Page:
In the section we included two libraries: the Selenium Plugin and our custom MailSlurp file.

This line instantiates the file we created and passed the variable to the class constructor:

MailSlurp is free to use but you need to sign-up to create an API KEY. When running your robot tests set the variable on the command line with the flag.

Defining test methods

In Robot you define keywords and then use them to describe acceptance tests. Use the file to define the actions you want to test. For our demonstration app we can define these actions below:

Let's break that down a bit.

Querying pages with Selenium

The selenium plugin adds many keywords to our test suite. We can call them from the resource file to query the playground webapp. We can use css style selectors (xpath) in selenium like so:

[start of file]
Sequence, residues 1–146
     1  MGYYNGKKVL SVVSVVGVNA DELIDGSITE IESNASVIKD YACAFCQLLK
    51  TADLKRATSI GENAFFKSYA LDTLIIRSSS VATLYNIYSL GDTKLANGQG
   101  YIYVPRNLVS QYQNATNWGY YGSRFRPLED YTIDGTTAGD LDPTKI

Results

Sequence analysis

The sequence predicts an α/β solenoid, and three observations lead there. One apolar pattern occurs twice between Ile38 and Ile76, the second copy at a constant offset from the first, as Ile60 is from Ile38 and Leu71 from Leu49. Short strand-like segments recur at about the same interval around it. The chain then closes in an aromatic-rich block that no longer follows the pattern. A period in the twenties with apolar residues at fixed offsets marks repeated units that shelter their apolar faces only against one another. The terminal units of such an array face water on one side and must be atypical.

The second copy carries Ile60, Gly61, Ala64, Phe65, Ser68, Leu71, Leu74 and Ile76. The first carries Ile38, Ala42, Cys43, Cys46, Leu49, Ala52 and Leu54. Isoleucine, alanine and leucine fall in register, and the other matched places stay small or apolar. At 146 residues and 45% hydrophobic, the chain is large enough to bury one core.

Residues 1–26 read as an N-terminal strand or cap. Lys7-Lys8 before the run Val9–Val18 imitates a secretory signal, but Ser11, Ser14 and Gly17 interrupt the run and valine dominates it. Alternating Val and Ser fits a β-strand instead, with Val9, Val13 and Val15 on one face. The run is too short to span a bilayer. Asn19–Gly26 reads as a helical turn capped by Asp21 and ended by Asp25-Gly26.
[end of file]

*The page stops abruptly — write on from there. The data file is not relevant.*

This would find and click an HTML element that matches:

The MailSlurp playground app uses attributes to allow for easy acceptance testing that doesn't rely on constant class or ID DOM attributes.

Calling custom Python functions

You may be thinking "where is the actual code in all this?". Let's get to that. You can call custom functions by including the library like we did in the file. Note: the file and class name must be the same. Robot translates method names to keywords by replacing underscores with spaces. So the function defining in becomes the keywords.

The MailSlurp create inbox function creates a real email address and returns an inbox entity with an ID and an email address.

The code inside that makes this function and its return object available in tests is this:

This is the custom robot syntax and it assigns the result of the function to a local variable before returning it. Inside a test we can call it like this: